Not that fifteen years of 9/11 is anything different from fourteen years, or sixteen. It is just a number.
For those who lost their loved ones on that fateful day here in New York, their pain and sorrow will remain exactly the same. We — those who were lucky not to go through their traumas — will not understand how intense their bereavement is.
I personally know at least five or six different friends and families who have never been able to escape from their loss. They have done their best to move on. Some of them have moved on, assuming tasks that others would not have the courage or energy to perform.
Adele Welty lost her firefighter son on September 11, 2001. But she did not cringe in fear. She did not preach violence against violence. Instead, she and some of her friends such as Valerie Lucznikowska established a group called September Eleventh Families for Peaceful Tomorrows, and went from place to place — both in the U.S. and across the world including Afghanistan and Iraq — to promote peace. These are leaders who showed me how peace and tolerance vis-a-vis war and violence is the only answer.
But unlike them, a vast number of Americans have not been able to understand peace. They have not tried to understand the reasons behind terrorism, and they have not tried to understand the global game of war, repression and economic exploitation, promoted and perpetuated by war corporations, military complexes, their politicians, think tanks, and media. They have misplaced their anger, and the war-mongering people in power have made this world a much more dangerous and violent place to live, much more so than what it was before 9/11/2001.
What we see in ISIS, Boko Haram, Jamat Islami or other extremist-terror groups now, we could not even imagine them until we began to hear about Taliban or Al Qaeda, really after the 9/11 terror took place. Yet, no serious media or government discussion happened ever as to explain where these groups came from, who gave them funding, political and military support, and how these terror groups recruited so many young men and women — people who are ready to kill any number of innocent people, anywhere in the world?
Obama, the Nobel Peace Prize winner, has prolonged the war in Iraq, Syria and Afghanistan in a way no other U.S. president has ever done. Even though U.S. media do not want to report it this way, but even the New York Times, a staunchly pro-Democratic, pro-status quo mouthpiece of corporate America had to admit that “Mr. Obama, who won the Nobel Peace Prize in 2009 and spent his years in the White House trying to fulfill the promises he made as an antiwar candidate, would have a longer tour of duty as a wartime president than Franklin D. Roosevelt, Lyndon B. Johnson, Richard M. Nixon or his hero Abraham Lincoln.”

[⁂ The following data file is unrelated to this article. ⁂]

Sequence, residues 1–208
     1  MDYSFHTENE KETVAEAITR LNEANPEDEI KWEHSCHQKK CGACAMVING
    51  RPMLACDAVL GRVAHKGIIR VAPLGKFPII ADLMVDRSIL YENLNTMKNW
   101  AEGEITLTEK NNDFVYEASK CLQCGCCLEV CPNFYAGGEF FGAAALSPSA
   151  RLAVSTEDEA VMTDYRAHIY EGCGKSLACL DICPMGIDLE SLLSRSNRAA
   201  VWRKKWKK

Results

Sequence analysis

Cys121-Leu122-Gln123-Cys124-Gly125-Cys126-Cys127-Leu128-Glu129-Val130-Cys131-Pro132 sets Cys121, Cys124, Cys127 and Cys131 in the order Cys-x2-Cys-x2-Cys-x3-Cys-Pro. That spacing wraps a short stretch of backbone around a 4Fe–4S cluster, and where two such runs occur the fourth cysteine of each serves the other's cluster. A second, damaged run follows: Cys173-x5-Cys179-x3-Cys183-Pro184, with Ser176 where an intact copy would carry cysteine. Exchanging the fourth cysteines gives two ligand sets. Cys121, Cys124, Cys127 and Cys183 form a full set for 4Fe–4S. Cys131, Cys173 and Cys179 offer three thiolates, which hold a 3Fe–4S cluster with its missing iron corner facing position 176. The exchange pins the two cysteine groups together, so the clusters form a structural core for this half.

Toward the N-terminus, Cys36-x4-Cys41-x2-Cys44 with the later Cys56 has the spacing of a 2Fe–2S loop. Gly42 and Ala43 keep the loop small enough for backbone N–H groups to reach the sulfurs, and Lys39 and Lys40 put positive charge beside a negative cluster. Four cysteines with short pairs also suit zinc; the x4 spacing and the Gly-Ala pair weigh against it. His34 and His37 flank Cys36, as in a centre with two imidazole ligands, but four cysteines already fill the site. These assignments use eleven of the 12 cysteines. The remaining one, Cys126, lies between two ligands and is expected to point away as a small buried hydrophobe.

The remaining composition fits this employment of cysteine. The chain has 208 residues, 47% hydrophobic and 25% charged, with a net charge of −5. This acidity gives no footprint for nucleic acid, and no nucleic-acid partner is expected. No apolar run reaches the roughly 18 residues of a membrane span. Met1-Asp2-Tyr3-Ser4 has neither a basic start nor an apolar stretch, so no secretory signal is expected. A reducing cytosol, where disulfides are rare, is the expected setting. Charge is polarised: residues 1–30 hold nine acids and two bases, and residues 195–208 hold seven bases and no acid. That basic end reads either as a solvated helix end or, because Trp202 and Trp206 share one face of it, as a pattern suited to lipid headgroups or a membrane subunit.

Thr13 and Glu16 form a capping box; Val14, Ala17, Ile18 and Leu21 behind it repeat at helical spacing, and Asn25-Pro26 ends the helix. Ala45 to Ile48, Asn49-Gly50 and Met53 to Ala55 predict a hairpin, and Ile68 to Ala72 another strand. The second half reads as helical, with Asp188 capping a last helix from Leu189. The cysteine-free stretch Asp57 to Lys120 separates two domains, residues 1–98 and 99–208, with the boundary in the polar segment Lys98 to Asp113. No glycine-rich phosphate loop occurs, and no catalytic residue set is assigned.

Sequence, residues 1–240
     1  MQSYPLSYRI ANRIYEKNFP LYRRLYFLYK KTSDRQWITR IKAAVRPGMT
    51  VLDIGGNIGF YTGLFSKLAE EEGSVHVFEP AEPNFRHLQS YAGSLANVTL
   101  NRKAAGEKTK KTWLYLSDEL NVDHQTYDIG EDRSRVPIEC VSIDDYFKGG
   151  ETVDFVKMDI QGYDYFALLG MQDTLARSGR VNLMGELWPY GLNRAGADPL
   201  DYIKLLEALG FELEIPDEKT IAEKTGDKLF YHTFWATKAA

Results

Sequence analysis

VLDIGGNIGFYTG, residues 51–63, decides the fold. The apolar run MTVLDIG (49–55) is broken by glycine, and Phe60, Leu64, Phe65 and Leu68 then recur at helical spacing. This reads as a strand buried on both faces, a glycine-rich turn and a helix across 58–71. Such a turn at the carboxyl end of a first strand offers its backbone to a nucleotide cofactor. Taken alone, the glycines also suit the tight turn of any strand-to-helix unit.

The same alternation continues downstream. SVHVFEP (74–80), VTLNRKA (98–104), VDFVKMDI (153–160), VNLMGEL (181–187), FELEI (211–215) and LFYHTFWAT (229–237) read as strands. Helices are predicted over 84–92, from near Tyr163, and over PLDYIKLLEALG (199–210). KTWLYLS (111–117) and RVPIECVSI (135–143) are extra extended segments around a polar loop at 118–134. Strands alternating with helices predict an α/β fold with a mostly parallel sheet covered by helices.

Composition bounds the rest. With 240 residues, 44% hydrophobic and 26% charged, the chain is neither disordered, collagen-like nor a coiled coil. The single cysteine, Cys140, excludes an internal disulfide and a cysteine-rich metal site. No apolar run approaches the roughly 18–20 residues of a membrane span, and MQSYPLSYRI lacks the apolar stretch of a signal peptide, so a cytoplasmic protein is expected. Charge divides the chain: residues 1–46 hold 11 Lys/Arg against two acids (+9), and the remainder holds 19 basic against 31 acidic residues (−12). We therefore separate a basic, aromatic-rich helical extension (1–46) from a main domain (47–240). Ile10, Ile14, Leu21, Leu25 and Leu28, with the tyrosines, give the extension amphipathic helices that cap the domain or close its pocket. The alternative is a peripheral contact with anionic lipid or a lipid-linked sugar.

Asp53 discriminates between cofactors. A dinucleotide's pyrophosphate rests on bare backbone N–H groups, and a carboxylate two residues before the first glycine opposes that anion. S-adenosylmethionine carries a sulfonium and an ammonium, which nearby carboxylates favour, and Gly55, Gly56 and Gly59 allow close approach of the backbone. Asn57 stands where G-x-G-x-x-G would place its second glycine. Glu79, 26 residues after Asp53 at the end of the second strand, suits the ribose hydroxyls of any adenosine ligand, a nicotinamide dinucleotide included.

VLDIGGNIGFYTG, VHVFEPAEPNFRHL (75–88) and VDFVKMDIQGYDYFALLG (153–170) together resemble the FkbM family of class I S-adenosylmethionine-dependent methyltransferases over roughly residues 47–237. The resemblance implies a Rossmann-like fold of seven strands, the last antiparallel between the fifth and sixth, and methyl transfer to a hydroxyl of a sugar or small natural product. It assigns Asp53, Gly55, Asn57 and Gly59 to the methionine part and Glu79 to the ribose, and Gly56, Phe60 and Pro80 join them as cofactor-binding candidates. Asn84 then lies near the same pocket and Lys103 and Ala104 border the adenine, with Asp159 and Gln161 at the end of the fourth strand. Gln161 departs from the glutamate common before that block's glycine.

It is extremely unlikely that Hillary Clinton, if and when elected president, will do anything different from what Obama has done over his eight years. And on the other hand, Donald Trump who is perhaps not going to be the next U.S. president (I do hope not), will unleash new reign of global warfare, causing massive, new bloodshed. A pro-peace Bernie Sanders or Jill Stein candidacy is now a dream vanished in thin air, thanks to the manipulative election game in the U.S., one that few people understand or pay attention to.
On the home front, within America, hate crimes are on the rise again. Even here in New York City, a so-called safe refuge for immigrants, just in the past couple of weeks, two Muslim priests were shot and killed, followed by a sixty-year-old Muslim woman knifed to death. Their belongings were not taken, and they were all wearing traditional garbs, making it all but certain that these were acts of hate crime.
We — those of us who worked on the ground against anti-immigrant hate crimes after 9/11 — have seen the ugly face of racism, bigotry and violence. We have seen how innocent lives were taken away, and their families were shattered. We have seen how innocent men were taken from their homes at gunpoint, and detained and deported. We have seen how places like Midwood, Brooklyn — aka Little Pakistan — looked like a ghost town, with many of the men taken away and put in prison, and their wives and children eventually leaving America. Their dreams for a better, safe future ended there, summarily.
We are going to observe fifteen years of 9/11 — the tragedies and terror. Let us question ourselves: have we learned anything from our experience in these fifteen years?
Have we progressed as human beings?
Brooklyn, New York
Another innocent life fell victim of hate and violence. Here in New York. August, 2016.
Photo Courtesy: pix11.com